Myrrh, like Frankincense, is a small tree or shrub and grows in the hot arid climate around the Red Sea in south west Asia and north east Africa. The tree is also cultivated in a similar manner whereby incisions are made in the bark and a golden brown sticky gum is secreted. The gum is then scraped off, allowed to dry and turns into "brown tears".
Many other similarities can be seen between Frankincense and Myrrh. Both were extensively traded along the same ancient routes from southern Arabia to the ports of the eastern Mediterranean. Both products were used in a similar fashion in the ancient world for religious/spiritual purposes as well as for health/cosmetic purposes too. Both species were among the primary ingredients in the holy incense used in The Temple in Jerusalem. In ancient Egypt, Myrrh was a highly esteemed resin, used for a variety of purposes and is probably the most important plant material used in embalming and preserving mummies.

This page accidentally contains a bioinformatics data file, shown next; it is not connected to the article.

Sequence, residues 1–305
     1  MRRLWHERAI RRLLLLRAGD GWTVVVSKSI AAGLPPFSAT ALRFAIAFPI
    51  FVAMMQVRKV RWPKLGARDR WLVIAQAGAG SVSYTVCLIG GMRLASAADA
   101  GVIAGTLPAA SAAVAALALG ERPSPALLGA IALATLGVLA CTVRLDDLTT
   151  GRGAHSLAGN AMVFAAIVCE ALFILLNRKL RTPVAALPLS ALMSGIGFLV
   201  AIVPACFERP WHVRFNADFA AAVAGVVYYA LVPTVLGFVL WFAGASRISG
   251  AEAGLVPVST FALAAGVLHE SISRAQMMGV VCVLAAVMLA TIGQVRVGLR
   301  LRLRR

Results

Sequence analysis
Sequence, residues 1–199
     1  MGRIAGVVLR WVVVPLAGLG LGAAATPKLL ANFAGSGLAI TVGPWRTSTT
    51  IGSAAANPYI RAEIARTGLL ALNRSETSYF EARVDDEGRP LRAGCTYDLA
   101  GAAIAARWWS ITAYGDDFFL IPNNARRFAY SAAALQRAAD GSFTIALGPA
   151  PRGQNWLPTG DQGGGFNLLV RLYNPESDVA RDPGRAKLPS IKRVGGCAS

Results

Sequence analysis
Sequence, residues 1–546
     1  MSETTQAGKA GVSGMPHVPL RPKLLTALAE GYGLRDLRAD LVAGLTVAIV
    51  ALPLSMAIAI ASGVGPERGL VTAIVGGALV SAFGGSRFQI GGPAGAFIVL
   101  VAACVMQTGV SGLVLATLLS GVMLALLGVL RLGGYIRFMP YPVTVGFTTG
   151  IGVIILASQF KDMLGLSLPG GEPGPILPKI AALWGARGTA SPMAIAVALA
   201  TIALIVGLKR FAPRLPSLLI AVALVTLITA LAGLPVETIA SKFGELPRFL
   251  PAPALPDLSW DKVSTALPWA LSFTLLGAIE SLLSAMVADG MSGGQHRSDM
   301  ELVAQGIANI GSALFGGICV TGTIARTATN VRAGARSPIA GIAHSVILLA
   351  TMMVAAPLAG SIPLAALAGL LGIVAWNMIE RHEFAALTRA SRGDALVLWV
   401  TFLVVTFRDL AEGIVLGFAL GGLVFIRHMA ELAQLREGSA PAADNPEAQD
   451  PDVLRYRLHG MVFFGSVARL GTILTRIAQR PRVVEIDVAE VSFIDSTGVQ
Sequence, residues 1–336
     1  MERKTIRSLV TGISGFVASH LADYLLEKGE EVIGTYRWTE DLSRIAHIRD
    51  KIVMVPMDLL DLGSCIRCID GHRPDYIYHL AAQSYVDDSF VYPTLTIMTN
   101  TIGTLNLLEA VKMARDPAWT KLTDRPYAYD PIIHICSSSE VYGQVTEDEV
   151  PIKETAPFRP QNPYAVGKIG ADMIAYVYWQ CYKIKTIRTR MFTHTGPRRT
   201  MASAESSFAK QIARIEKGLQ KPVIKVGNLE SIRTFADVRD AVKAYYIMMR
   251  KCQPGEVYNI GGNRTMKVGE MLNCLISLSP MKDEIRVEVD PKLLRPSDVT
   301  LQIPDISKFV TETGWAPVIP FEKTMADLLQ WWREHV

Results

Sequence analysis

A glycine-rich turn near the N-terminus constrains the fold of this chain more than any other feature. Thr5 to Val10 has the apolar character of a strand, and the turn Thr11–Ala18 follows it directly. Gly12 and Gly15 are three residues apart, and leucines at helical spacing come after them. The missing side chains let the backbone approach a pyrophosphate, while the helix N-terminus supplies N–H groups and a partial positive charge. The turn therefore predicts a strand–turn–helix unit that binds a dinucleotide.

This in fact, comes as no surprise to those who work with Myrrh and know of its miraculous curing properties for a variety of physical ailments especially of the skin and gums. In antiquity Myrrh was even used to treat Leprosy.
The aroma of Myrrh is also very unique. While it is often difficult to find words to describe a particular scent, we could describe Frankincense of having an aroma somewhere between citrus and coniferous trees. Myrrh, however, is more difficult to explain to those who have never experienced it.
We could say that it has a rich, warm and maybe earthy-like aroma with a hint of exotic spices. This still doesn't do justice to the intriguing, deep aroma that one experiences with Myrrh. Nevertheless, it is extremely grounding in mixtures with other herbs and will help to fixate their scents.